Position Title

  • Electrical and Computer Engineering
3177 Kemper Hall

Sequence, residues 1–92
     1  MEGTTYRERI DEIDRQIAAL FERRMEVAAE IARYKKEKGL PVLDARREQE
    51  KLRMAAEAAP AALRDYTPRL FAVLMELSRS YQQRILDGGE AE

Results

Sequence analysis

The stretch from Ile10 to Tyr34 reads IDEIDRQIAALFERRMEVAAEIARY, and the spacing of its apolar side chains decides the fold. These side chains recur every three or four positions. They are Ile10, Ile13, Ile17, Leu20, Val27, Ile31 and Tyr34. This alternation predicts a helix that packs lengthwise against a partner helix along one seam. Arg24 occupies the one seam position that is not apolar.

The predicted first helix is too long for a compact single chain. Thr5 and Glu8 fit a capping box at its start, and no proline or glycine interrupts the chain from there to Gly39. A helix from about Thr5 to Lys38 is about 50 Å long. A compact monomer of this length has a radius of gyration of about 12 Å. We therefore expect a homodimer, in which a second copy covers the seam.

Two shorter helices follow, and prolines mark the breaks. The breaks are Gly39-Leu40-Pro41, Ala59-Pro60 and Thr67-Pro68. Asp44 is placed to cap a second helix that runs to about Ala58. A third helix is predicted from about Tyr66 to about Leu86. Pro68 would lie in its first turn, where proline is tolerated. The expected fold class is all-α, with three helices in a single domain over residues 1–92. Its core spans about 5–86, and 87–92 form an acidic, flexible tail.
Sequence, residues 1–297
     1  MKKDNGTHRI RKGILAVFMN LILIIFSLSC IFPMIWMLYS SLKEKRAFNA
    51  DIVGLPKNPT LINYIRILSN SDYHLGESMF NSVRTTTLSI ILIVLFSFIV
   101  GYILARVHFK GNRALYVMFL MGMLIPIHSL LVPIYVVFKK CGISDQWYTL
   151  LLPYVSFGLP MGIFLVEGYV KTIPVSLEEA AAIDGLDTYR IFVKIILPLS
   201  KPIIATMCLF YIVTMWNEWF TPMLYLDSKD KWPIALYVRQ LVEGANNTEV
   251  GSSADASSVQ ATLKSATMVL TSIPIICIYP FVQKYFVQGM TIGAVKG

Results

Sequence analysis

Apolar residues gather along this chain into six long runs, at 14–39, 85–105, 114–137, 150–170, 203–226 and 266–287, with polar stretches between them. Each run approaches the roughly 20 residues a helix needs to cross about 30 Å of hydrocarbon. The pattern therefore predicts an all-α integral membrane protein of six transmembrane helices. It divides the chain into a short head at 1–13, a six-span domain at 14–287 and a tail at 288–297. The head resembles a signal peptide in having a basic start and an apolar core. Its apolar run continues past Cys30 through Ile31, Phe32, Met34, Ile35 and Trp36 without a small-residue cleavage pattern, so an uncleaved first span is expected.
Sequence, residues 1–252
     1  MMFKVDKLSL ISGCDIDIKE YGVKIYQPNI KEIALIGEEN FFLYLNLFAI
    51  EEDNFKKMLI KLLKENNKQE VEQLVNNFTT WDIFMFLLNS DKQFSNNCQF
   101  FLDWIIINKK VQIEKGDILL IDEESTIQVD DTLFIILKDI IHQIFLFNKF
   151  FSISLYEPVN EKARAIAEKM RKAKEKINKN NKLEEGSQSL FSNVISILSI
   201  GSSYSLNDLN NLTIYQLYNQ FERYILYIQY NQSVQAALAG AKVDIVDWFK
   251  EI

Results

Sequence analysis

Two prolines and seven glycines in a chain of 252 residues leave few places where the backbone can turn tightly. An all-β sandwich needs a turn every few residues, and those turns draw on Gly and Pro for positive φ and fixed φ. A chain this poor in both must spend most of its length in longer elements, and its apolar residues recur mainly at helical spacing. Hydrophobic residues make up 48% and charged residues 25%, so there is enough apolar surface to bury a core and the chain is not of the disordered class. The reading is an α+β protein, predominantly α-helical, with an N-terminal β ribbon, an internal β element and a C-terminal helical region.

Miniaturized devices have had a significant impact on our society in revolutionizing the electronics industry. A similar trend of size-reduction is emerging in the health care industry to produce small bioanalytical devices for disease diagnosis, novel methods for drug delivery to treat diseases, and microfabricated platforms for studying microorganisms. Nanostructured materials, in particular, have revolutionized capabilities of biotic-abiotic interfaces in various biomedical devices, including affinity biosensors, implantable neural electrodes, and drug delivery platforms. Despite the recent research on these materials, significant challenges remain in controlling material properties, interfacing nanocomponents with instrumentation, and engineering their interaction with biological systems.